Posted by: lavernewaddington | January 7, 2011

Backstrap Weaving – The ‘Tis-Done and the To-Do

I bought myself a good old fashioned acrylic board last year to write my “To-Do” list and hung it on the bedroom wall. It is not that old fashioned when I remind myself that my teaching colleagues are still using blackboards and chalk where I used to teach English here but it is indeed old fashioned in the world of IPads and such gadgets. I really need to have that To-Do list up there in front of me with a list made in brightly colored marker pens. It is so satisfying erasing something and saying ‘Tis done! What I really wanted to do was start the year with a fresh gleaming clean white board instead of one still covered with colorful scribbled lists.

These two weaving “To-Do”s were still hanging there from 2010 and I am pleased to say that one of them is about to be erased…well almost.

The double weave belt at left went on a nice trip with me to the US recently. It came out once for a weaving demonstration with a group of Bhutanese weavers in North Carolina and then went back into its bag for the rest of the trip. So, I was determined to at least get this off the loom. You may remember that this belt is a result of my twining investigations with Montagnard weavers which led me to Bedouin twining and then Bedouin warp substitution designs which I then decided to reproduce in double weave on this belt…quite a journey!

You can see the Bedouin design piece I wove above right. The warp substitution technique (see the tutorial here) produces crisp designs on a background of solid color with long floats on the back. The same designs can be produced in warp faced double weave (see the tutorial here) without the visible floats and with the patterns reversed on the back of the band. I have all the hardware ready for the belt and just have to put it together now. I need to thread one end of the belt through the buckle which means having to cut a slot in the band. What I usually do is paint the area to be cut with diluted white glue which acts as “stop fray” and then go ahead and cut.

The finished belt, with buckle in place, in the picture has been woven with simple alternating warp floats using a design from a yurt band (see the tutorial here). So, I am just about to erase this 2010 project from the board.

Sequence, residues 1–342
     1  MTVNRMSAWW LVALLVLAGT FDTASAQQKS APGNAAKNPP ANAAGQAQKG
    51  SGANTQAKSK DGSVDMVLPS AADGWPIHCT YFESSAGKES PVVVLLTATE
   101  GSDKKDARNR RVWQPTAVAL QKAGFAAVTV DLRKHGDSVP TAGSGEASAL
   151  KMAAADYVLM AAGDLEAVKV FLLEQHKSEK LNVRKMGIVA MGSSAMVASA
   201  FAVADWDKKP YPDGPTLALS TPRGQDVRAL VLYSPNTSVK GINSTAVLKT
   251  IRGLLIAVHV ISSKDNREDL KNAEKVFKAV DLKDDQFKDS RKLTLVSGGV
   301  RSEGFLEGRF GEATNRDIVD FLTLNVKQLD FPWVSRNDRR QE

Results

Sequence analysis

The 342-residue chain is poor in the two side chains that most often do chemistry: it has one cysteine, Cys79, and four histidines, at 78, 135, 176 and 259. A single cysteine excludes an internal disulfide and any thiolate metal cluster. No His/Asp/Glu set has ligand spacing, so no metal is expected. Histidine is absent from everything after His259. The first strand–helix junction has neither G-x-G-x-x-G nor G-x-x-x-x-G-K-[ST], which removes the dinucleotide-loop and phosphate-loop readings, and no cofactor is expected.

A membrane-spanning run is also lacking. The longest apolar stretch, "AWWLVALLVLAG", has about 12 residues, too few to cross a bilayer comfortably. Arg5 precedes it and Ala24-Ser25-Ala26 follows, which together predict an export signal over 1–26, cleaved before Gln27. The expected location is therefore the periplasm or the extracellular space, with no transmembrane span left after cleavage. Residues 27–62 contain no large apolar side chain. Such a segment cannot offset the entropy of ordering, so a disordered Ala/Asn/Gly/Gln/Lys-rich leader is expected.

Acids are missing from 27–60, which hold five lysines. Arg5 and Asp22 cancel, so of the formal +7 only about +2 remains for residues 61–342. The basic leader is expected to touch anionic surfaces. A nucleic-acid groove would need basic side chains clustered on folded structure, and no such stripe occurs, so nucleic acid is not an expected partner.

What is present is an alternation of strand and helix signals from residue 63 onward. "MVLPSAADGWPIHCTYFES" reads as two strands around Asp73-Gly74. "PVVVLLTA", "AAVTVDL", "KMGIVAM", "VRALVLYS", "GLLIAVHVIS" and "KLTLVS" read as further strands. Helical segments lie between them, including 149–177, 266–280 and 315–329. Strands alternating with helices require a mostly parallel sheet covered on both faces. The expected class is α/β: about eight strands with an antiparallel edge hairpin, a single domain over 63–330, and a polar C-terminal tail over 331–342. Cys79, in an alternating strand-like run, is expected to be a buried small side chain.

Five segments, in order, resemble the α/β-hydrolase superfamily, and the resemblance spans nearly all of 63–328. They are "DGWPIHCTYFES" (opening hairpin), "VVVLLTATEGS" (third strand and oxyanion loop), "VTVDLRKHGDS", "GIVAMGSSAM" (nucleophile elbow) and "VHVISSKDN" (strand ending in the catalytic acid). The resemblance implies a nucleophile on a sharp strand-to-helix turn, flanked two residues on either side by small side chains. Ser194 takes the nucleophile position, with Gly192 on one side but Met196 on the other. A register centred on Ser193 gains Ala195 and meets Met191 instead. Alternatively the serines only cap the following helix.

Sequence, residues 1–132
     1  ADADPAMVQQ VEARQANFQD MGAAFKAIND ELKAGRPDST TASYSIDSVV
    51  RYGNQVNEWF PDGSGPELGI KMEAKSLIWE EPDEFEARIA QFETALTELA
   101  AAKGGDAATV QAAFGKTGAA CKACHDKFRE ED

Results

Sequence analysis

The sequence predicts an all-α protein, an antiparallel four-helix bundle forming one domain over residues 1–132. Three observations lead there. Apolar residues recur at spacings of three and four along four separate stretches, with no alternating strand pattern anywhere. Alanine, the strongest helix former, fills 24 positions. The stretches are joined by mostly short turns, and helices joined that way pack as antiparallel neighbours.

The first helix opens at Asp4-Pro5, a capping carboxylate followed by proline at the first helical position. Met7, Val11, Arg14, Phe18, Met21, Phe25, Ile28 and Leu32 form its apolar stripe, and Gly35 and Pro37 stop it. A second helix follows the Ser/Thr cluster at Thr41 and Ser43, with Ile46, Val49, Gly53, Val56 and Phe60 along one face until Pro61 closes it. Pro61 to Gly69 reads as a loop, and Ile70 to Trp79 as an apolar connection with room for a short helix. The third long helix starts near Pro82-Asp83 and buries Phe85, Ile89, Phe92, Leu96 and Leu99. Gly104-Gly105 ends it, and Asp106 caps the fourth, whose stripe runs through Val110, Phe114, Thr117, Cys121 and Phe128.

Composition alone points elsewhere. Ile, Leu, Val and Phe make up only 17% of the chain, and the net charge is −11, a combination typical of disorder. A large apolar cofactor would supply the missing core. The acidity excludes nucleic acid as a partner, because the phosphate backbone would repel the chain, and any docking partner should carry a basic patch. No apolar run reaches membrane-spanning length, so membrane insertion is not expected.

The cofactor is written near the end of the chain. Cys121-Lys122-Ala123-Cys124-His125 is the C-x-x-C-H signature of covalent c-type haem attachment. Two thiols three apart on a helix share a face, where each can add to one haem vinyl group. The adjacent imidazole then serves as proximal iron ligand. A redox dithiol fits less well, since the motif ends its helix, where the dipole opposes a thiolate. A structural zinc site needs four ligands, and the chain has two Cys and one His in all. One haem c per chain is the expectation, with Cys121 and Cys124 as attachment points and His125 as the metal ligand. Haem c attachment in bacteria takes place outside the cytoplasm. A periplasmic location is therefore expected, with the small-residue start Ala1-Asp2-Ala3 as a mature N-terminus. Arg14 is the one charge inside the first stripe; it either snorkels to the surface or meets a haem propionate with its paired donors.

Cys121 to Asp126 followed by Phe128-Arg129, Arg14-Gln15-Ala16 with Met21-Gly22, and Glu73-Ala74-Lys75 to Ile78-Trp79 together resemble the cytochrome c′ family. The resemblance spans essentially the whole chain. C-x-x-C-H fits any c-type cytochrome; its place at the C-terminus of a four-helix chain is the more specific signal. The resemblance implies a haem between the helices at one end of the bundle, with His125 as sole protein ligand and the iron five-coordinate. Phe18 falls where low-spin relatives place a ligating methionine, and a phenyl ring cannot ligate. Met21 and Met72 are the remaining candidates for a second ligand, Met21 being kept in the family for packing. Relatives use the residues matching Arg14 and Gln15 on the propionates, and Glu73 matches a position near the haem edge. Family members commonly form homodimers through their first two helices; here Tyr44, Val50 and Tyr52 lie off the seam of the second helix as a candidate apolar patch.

The other unfinished project that you saw photographed above is the sample I made after visiting Guarani weaver Angela. I had just wanted to see if I could get my head around the Moisy technique she was using so, basically, that was a mission accomplished, but I still think that I could make something useful from this piece and don’t feel like discarding it. So, that is next.

Of course I still won’t be able to wipe the board completely clean as it is now filled up with 2011 stuff. And that is the way it should be!

While I was immersed in double weave finishing off my belt, I decided I would make a video showing how to warp for this technique to add to the existing tutorial. Those of you who subscribe to Handwoven may recognize these double weave keyfobs which are shown in the Jan/Feb issue…

This will probably sound completely ridiculous to those of you who are used to winding warps of several yards or meters for multiple projects on your large looms…I wind a tiny warp for each and every keyfob. Warping for double weave and making string heddles across such a narrow warp is such a breeze for me that it doesn’t bother me at all to have to repeat the process for each and every fob. I love the opportunity to play with colors and not have any two fobs the same. I can create a third selvedge for every fob and save time not having to deal with hemming a raw edge which is tricky and often unsightly in double weave. I did weave thirteen identical fobs on an inkle loom once and won’t do that again.

And, as I always say, the only trouble with double weave is deciding which side you prefer…

Decisions, decisons…which side do I prefer? Here are the backs of some of the keyfobs shown above.

The big problem for those learning double weave is that it can be painfully slow. There are a lot of steps and, until you understand why you are making the moves, it all seems like a terrible amount to have to memorize.